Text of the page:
Every day, Wall Street analysts upgrade some stocks, downgrade others, and "initiate coverage" on a few more. But do these analysts even know what they're talking about? Today, we're taking one high-profile Wall Street pick and putting it under the microscope...

Interest rates are rising, and that should be bad news for the housing market, with mortgage rates up more than half a point from January at 4.6%. And yet, despite both "high selling prices and low home inventory," reports The Wall Street Journal (subscription required), home sales are picking up. Citing a Commerce Department report, the Journal notes that from April to May, sales of new homes rose 6.7% sequentially -- and 14.1% year over year.

That's good news for investors in homebuilder KB Home (NYSE:KBH), which reported earnings yesterday and won a new upgrade on Wall Street this morning. But it's only part of the story.

Here's what you need to know.

Builders reading a blueprint

Image source: Getty Images.

KB Home reports earnings

Let's start with a review of what KB Home told investors last night. Releasing numbers that easily trumped analyst estimates, KB Home reported 10% sales growth to $1.1 billion in its fiscal Q2 2018, and a 73% increase in earnings per share to $0.57.

Adding color to those headline numbers, KB noted that its "deliveries" grew only half as rapidly as its revenue -- up 5%. Higher prices added another 4% to the revenue growth rate. Perhaps best of all, though, was the fact that KB's operating profit margin on that rising revenue surged 180 basis points higher -- up by more than a third from this time last year, to 6.8%.

The company was not free-cash-flow positive, but management noted that operating cash flow improved from negative $65 million a year ago, to negative $19 million in Q2 2018, despite ongoing efforts "to invest $2.4 billion in land and development ... to drive growth" in future years.

KB Home earns upgrade

Up on Wall Street, they liked those numbers a lot, with Citigroup and Evercore ISI both raising their price targets on KB Home stock to $28 a share, Barclays removing its sell rating from the stock, and Merrill Lynch double upgrading KB -- all the way from underperform to buy -- with a $37 price target, according to a note today on TheFly.com.

As Merrill Lynch explained, KB Home has exceeded expectations on "execution, margins and returns" for several quarters in a row, and it's finally time to acknowledge that the stock deserves a buy rating. Although many investors worry that high prices made even higher by rising interest rates will scare away homebuyers, the Commerce Department data shows this is clearly not the case for new homes at least.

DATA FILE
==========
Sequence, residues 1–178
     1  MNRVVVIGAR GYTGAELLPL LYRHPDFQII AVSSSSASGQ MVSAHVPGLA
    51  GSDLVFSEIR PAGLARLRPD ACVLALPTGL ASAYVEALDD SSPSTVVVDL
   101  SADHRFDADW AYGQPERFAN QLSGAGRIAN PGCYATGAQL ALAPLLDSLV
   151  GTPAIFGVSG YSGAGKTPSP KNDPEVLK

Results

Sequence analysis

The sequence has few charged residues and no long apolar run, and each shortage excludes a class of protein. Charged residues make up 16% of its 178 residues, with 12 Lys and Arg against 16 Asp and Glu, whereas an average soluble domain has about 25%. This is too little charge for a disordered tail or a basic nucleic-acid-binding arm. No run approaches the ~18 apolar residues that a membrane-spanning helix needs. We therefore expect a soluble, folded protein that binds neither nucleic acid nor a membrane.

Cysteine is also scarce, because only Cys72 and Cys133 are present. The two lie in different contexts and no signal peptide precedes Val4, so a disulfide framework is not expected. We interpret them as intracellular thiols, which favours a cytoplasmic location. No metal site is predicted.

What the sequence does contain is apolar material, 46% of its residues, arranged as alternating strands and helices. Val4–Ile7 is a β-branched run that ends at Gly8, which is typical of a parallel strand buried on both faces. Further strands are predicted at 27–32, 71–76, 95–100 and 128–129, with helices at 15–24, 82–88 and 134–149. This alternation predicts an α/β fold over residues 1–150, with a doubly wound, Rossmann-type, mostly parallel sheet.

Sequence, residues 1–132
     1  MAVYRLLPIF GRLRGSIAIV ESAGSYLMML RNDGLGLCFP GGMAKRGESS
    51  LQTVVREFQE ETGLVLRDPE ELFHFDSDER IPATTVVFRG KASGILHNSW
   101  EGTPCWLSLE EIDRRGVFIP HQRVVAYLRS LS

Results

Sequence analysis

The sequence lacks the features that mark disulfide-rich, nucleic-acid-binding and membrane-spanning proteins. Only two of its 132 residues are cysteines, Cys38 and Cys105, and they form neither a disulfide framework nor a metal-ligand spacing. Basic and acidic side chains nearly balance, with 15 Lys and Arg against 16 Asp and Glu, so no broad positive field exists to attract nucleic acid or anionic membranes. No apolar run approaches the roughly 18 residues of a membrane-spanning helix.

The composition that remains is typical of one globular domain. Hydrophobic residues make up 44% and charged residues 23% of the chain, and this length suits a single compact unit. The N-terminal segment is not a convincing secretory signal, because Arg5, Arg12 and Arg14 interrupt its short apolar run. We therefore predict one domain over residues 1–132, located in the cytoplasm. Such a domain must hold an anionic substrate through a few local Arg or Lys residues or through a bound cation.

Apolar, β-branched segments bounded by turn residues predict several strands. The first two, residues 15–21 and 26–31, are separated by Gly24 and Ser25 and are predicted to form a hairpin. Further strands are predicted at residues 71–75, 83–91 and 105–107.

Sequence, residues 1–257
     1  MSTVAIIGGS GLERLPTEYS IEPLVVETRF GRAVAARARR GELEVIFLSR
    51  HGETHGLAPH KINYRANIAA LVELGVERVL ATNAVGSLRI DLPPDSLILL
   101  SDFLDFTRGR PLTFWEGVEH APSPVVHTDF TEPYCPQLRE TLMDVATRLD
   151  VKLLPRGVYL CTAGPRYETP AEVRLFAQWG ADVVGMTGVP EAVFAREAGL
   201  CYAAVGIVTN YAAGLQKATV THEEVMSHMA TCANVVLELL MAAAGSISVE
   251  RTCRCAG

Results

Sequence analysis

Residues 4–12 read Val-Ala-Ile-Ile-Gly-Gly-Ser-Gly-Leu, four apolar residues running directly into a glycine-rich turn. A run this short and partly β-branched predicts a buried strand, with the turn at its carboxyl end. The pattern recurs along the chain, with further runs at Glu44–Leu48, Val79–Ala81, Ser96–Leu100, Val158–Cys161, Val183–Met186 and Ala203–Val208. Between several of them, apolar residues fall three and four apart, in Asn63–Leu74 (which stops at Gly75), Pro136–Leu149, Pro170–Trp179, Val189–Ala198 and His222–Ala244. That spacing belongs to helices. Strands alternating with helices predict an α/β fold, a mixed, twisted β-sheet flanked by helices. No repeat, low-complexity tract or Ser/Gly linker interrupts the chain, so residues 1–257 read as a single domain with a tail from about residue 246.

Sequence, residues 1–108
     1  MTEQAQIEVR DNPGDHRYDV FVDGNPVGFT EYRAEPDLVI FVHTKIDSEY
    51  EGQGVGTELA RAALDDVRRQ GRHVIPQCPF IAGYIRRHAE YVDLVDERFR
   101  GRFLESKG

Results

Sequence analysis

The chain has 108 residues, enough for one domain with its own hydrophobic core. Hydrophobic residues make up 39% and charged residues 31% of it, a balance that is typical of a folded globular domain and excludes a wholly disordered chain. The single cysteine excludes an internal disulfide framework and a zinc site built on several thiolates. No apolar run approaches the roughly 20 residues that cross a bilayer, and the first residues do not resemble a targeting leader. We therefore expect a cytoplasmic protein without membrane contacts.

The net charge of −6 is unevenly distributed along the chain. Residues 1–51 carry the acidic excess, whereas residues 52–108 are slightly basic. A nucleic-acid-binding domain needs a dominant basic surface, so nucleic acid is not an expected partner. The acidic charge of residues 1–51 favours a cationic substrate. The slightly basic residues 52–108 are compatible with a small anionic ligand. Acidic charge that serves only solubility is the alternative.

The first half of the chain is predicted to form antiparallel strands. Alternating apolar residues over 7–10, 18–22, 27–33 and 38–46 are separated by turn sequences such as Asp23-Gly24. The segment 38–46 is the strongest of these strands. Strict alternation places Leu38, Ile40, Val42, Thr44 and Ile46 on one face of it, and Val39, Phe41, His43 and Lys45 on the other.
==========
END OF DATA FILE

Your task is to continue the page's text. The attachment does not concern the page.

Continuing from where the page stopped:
In fact, Merrill believes the homebuilding market "may actually be inflecting higher" and predicts "solid homebuilding growth through 2020," which would obviously be good news for KB stock. Meanwhile, at its current valuation of 18.4 times trailing earnings, and with analysts predicting strong, 24% annualized growth over the next five years on average, the stock appears priced to move.

Housing market dynamics

KB Home management, by the way, seems to agree -- and recently authorized the repurchase of up to 4 million of its own shares, or nearly 5% of all shares outstanding. But does this mean you should buy KB Home stock? Does Merrill Lynch's argument in favor KB stock make sense in light of the data we're seeing out of Commerce?

I think it does. Here's why:

WSJ reports that "previously owned-homes sales, which represent the bulk of the housing market, have declined from a year earlier in four out of the first five months of this year." At the same time, though, new home sales are up, as I mentioned above.

So how are we to explain this dynamic, where few "used" homes are getting sold, but many new ones are? Nationwide senior economist Ben Ayers thinks it's a function of supply and demand -- as in, people are demanding houses to live in, but there's not a big enough supply of existing houses to sell.

The only way to match up supply and demand, therefore, is to build more new houses to make up for the deficit in existing houses available for sale. This would explain both the lack of sales growth in the "used" market, and the skyrocketing growth in new home sales. It also explains why, as Ayers says, "New home construction is also increasing with housing starts up to an expansion high in May."

I think this bodes very well for KB Home's business going forward -- and I think Merrill Lynch is right to recommend buying KB Home stock.

Rich Smith has no position in any of the stocks mentioned. The Motley Fool has no position in any of the stocks mentioned. The Motley Fool has a disclosure policy.